Pages are the most basic building block for content. They’re useful for standalone content (content which is not date based or is not a group of content such as staff members or recipes).

The simplest way of adding a page is to add an HTML file in the root directory with a suitable filename. You can also write a page in Markdown using a .md extension which converts to HTML on build. For a site with a homepage, an about page, and a contact page, here’s what the root directory and associated URLs might look like:

├──    # =>
├── index.html    # =>
└── contact.html  # =>

If you have a lot of pages, you can organize them into subfolders. The same subfolders that are used to group your pages in your project’s source will then exist in the _site folder when your site builds. However, when a page has a different permalink set in the front matter, the subfolder at _site changes accordingly.

├──          # =>
├── documentation     # folder containing pages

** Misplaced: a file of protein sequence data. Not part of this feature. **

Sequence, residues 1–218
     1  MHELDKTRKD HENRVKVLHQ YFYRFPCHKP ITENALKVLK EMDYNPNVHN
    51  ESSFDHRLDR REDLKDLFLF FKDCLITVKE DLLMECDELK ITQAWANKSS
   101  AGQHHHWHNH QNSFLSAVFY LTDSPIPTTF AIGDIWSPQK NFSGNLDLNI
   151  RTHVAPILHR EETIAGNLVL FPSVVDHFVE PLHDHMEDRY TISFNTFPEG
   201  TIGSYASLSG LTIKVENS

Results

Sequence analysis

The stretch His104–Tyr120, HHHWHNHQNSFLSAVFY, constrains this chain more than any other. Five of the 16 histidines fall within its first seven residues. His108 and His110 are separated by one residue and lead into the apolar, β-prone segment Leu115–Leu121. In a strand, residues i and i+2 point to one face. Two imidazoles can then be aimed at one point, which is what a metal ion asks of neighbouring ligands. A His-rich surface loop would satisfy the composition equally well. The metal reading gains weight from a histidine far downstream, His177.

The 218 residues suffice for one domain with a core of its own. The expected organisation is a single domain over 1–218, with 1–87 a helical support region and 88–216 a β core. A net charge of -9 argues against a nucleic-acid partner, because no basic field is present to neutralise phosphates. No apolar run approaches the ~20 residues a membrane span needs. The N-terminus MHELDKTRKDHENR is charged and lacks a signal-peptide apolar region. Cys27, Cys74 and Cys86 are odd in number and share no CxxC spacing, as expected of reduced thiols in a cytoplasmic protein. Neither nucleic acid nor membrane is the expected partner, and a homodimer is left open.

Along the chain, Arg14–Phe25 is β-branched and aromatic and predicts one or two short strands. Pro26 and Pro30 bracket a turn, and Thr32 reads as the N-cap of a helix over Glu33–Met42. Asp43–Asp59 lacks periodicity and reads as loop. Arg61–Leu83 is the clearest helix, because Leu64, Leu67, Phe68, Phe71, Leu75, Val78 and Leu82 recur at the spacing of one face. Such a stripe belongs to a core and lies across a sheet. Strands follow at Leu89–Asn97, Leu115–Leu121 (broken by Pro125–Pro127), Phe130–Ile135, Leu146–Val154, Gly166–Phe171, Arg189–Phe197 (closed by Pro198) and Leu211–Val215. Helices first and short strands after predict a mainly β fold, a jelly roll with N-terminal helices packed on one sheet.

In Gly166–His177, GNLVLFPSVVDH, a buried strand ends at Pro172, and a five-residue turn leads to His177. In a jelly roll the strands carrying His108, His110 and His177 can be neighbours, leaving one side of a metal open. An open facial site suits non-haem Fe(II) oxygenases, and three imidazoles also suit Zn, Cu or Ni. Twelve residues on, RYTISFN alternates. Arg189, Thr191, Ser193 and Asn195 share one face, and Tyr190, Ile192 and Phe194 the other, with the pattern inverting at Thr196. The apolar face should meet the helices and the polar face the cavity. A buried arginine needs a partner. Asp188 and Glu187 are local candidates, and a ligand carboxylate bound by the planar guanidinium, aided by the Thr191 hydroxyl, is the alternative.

│   └──       # =>
├── design            # folder containing pages
│   └──      # =>

Changing the output URL

You might want to have a particular folder structure for your source files that changes for the built site. With permalinks you have full control of the output URL.

Liquid Representation

From Jekyll 4.1 onwards, there is a minor change in how instances of Jekyll::Page are exposed to layouts and other Liquid templates. Jekyll::Page instances now use a Liquid::Drop instead of a Hash. This change results in greater performance for a site with numerous standlone pages not within a collection.

For plugin developers

While end-users do not need to take any extra action due to this change, plugin authors depending on the existing behavior may need to make minor changes to their plugins.

If a Jekyll::Page subclass’ to_liquid method calls super, it will have to be slightly modified.

class Foo::BarPage < Jekyll::Page
  def to_liquid(*)
    payload = super        # This needs to be changed to `super.to_h`
                           # to obtain a Hash as in v4.0.0.

    do_something(payload)  # Logic specific to `Foo::BarPage` objects

Jekyll::Page subclasses won’t inherit the optimization automatically until the next major version. However, plugin authors can opt-in to the optimization in their subclasses by wrapping the temporary liquid_drop method if the subclass doesn’t override the superclass method:

class Foo::BarPage < Jekyll::Page
  def to_liquid(*)
    liquid_drop    # Returns an instance of `Jekyll::Drops::PageDrop`.
                   # Will be removed in Jekyll 5.0.